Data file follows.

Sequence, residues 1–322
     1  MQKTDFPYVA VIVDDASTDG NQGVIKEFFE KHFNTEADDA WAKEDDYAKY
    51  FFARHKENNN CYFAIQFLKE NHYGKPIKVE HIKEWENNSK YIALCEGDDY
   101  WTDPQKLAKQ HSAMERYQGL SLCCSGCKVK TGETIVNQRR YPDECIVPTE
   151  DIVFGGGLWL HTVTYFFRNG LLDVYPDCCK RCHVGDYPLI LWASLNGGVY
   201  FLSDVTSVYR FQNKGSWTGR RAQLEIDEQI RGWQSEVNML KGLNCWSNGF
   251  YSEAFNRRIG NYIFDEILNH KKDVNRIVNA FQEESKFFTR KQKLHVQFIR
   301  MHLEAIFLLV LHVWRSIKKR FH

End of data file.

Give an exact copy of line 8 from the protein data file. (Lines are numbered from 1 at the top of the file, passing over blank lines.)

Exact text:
   301  MHLEAIFLLV LHVWRSIKKR FH